Saturday, 19 February 2011

Flooding and Gulls at Fletcher Moss

I took a walk along the river bank to Didsbury and Fletcher Moss park the other day. The sports fields on either side of Stenner Lane were still under water as a result of the heavy rain and flooding of a couple of weeks ago. I must say that the whole scene looked dramatic and spectacular but what added to the drama were huge flocks of gulls which had congregated on the fields. I think that they were mainly Black-headed Gulls - but I'm not too hot on gulls. They were extremely noisy and were occasionally 'spooked' by something and then took off in great wheeling clouds. I assume that they were feeding on worms and other invertebrates driven to the surface by the flood-waters.

Of course these fields were once water meadows and have been regularly inundated like this for centuries. Water meadows used to be among our most biodiverse habitats, but a few decades ago these particular meadows were converted into regularly mown sports fields - which are virtual wildlife deserts. I wouldn't mind but they don't even seem to get used much - perhaps a few hours a year by a few young men. After the recent floods they are bursting with life (i.e. bird life) again, for a few weeks, before going back to boring, lifeless mown grass.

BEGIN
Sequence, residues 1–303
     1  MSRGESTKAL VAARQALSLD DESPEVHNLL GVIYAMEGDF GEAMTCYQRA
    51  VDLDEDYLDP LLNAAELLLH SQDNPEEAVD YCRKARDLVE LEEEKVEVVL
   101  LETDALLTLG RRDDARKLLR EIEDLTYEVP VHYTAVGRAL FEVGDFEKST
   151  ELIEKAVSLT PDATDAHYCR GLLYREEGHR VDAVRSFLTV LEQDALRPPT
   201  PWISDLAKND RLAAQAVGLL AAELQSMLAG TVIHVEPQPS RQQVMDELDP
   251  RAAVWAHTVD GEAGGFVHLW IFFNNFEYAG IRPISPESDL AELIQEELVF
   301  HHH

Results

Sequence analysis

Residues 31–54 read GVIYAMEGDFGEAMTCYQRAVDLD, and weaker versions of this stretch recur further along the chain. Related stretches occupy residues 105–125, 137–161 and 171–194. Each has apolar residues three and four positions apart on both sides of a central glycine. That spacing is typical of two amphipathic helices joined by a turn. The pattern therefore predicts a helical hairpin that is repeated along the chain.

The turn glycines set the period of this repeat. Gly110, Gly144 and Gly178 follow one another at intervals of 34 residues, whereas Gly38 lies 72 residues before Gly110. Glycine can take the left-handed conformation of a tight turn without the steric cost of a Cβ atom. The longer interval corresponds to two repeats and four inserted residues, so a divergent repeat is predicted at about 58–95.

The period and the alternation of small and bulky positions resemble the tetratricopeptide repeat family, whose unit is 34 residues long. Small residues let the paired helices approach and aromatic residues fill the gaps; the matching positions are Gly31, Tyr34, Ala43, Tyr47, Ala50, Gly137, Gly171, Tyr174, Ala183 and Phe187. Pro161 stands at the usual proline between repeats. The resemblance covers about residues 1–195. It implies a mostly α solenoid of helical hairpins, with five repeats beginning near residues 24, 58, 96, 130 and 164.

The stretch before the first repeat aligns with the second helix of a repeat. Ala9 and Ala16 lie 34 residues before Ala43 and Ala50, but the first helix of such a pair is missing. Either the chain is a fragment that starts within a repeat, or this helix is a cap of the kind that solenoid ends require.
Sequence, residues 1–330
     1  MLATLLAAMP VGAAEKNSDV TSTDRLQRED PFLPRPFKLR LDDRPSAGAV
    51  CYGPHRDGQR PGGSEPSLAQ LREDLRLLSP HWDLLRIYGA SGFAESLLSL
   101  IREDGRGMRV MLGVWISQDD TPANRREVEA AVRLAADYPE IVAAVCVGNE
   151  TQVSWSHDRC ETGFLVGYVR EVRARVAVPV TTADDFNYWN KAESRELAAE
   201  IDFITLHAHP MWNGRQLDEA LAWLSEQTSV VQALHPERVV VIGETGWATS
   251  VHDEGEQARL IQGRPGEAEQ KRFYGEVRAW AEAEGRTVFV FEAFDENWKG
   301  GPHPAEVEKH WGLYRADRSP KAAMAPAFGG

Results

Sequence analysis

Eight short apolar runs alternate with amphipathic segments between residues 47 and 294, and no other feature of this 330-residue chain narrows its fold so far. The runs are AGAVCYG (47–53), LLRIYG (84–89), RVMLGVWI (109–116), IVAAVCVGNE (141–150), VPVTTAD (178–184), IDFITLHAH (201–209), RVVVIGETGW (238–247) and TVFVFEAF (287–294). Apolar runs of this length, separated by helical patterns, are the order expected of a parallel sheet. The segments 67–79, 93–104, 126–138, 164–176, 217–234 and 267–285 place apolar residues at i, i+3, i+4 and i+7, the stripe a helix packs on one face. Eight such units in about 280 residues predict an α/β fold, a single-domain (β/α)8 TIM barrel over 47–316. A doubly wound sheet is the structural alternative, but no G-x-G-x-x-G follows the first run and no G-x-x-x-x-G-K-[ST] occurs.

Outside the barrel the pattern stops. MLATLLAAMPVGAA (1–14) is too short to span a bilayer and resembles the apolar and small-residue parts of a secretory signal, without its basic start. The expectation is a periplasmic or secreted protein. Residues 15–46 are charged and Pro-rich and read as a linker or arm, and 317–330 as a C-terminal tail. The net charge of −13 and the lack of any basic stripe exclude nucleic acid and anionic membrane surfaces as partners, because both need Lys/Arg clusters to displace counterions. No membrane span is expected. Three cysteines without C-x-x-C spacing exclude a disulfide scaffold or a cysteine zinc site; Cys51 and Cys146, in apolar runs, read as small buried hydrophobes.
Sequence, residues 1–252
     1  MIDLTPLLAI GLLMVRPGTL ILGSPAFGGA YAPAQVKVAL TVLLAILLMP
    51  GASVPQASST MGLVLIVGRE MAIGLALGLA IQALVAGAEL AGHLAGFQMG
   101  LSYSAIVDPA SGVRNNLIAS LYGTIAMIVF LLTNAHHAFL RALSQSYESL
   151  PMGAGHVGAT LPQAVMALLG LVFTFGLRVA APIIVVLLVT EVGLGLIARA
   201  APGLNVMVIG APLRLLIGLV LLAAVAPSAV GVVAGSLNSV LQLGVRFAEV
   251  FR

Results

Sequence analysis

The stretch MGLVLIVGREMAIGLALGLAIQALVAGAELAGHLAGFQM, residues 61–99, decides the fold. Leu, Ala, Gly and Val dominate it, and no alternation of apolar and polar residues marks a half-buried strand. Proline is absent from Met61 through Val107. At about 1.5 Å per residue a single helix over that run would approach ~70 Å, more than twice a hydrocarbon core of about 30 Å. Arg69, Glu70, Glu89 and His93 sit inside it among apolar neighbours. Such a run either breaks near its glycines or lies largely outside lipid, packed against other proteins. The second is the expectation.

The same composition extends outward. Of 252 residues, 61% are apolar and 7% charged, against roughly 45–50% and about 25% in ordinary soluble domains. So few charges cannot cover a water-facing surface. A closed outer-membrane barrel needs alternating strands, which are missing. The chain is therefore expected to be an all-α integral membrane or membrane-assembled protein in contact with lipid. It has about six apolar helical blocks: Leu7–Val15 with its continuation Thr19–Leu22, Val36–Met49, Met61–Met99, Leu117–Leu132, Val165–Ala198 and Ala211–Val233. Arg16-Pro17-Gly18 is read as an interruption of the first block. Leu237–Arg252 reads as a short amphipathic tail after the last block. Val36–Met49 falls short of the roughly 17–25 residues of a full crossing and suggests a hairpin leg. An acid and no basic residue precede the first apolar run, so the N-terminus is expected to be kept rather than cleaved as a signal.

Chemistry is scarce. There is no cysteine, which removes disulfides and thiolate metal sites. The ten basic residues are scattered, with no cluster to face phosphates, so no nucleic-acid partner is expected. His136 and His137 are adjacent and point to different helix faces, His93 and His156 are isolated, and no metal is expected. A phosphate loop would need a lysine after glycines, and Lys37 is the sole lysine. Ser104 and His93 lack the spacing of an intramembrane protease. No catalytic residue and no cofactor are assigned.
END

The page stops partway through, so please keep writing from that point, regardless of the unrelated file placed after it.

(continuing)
But I believe that the Environment Agency have now got plans for massive engineering works to 'protect' these sports fields from flooding. Several of these fields are rugby fields and, like golfers, rugby players tend to be influential people - so their playgrounds need to be protected, at all costs, from the inconvenient 'forces of nature' (even though it could be argued that establishing a playground in a floodplain, and expecting it to remain flood-free, is arrogant and silly!).

I feel more sympathy for the allotment holders of the adjacent Stenner Lane Allotments whose plots were also flooded. At least growing vegetables on an allotment is a healthy and sustainable activity and allotments are also much richer in wildlife than sports fields. I believe, though, that the allotment holders have been told, by the EA, not to eat their carefully nurtured vegetables because they might be contaminated by sewage and heavy metals. And there was I thinking that the Mersey was now a clean and healthy river - silly me! Perhaps the EA should be expending more effort in stopping sewage and heavy metals getting into the river, rather protecting a few rarely used sports fields ... ?

Dave Bishop, February 2011

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